12 Oct 2020 18:11 IST

‘Work for great people, rather than great salaries’

Jaspreet Bindra, founder, Digital Matters, wants the MBA to become more tech-oriented and hands-on

Jaspreet Bindra is the founder of Digital Matters, an advisory firm in the exciting new areas of digital transformation, blockchain, and the future of work. Considered one of the foremost ‘digitalists’ in India, this former SVP Digital Transformation at Mahindra Rise, has shared his vast knowledge on emerging domains in a book called The Tech Whisperer. The chemical engineer from Gujarat University did his MBA in International Business from the Indian Institute of Foreign Trade, New Delhi, in 1994.

How has your MBA helped you in your corporate life, if at all?

It does help in a few ways — getting the right company to start your career with — Tata Administrative Services (TAS) in my case, meeting great people and building a network, and learning some concepts of marketing and finance that you never forget. (Most of them, you do forget, though.)

What have been the key learnings from your MBA for you?

I spent 50 per cent of my time on curriculum and 50 per cent on extra-curricular stuff — quizzing, debating, writing, reading, gathering knowledge. I think it is what you make of the MBA, not what the MBA makes of you that matters.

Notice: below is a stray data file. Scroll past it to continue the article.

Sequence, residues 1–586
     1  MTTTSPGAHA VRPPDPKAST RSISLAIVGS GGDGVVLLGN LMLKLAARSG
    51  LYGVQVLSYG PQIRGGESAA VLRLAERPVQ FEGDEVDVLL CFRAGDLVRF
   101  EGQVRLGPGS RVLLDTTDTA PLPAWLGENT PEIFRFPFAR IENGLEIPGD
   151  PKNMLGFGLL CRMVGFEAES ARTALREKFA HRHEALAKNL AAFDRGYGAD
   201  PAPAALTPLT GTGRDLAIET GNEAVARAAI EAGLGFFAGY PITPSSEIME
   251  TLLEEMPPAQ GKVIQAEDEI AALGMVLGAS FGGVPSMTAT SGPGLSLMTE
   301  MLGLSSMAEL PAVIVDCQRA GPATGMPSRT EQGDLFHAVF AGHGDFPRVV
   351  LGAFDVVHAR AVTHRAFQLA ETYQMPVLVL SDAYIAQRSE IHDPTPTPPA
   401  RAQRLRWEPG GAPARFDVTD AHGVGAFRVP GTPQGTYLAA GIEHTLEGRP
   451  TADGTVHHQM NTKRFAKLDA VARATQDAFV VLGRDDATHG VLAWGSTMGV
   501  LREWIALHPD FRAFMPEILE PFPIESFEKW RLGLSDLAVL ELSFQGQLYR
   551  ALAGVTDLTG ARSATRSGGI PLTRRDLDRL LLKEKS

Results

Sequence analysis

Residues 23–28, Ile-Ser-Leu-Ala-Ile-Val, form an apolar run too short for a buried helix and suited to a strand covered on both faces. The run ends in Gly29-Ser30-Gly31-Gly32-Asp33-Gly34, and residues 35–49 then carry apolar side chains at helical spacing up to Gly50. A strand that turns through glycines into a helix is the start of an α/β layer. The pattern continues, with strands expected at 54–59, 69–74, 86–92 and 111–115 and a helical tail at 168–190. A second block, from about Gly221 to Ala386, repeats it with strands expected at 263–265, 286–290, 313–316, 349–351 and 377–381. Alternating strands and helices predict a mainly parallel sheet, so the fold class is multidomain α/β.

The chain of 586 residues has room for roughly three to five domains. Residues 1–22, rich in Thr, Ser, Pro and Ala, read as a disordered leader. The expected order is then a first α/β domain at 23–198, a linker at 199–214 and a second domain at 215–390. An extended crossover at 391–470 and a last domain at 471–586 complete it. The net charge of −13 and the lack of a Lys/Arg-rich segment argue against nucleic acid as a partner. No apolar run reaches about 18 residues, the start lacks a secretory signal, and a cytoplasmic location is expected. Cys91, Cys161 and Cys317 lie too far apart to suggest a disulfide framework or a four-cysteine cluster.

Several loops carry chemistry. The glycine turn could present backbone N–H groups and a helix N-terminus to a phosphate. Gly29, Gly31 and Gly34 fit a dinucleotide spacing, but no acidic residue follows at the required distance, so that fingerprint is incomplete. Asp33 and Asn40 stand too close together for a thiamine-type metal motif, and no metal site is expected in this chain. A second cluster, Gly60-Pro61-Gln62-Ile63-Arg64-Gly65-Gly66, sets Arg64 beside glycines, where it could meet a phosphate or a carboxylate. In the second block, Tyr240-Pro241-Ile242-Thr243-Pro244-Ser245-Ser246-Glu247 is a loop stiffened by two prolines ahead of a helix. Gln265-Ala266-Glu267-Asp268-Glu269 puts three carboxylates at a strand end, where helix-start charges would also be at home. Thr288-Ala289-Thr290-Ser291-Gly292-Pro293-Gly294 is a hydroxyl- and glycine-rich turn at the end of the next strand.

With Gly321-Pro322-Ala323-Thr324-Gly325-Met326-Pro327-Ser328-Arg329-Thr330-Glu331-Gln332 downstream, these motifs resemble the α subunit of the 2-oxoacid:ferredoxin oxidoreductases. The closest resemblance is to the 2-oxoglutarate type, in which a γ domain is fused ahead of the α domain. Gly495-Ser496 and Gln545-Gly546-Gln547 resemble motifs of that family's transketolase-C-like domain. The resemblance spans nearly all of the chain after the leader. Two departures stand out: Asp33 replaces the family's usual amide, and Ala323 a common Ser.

If you had to re-visit your MBA what would you have liked to see as part of your course?

I would have perhaps chosen a different MBA. One with more tech, say at MIT, or one with more case learning, say Harvard. Easy to say this in retrospect though.

What have been the chief ingredients in your road to the top?

I am still on the road, and it does not necessarily lead to the top. I have taken many side-roads along the way. Key ingredients in this journey, which is not necessarily a conventionally successful one : curiosity, working with great people, a sense of humour, equanimity, begging for forgiveness rather than asking for permission, and doing stuff I wanted to do rather than stuff one was conventionally meant to do.

What have been your best and worst moments?

Best: Getting into TAS, my Microsoft stint, my Mahindra experience. Worst: A big career mistake in working with a company called Getit for a year or so, between Microsoft and Mahindra.

What would be your advice to young MBAs who are joining the corporate sector?

Follow your heart. Work for great people, rather than great salaries. Learn all the time, learn something absolutely new every year.

Are you happy with the way the MBA is structured / taught today?

Short answer: no. Long answer: everything needs to change with times, so does the MBA. It needs to be more tech-oriented, and much more hands on. And we need practitioners to teach.

What would you advise young MBAs to read?

Oh, my book The Tech Whisperer, obviously. Plus a whole lot of philosophy, classics, poetry, humanities, and stuff about technology. Ditch business books, they were written for a different era.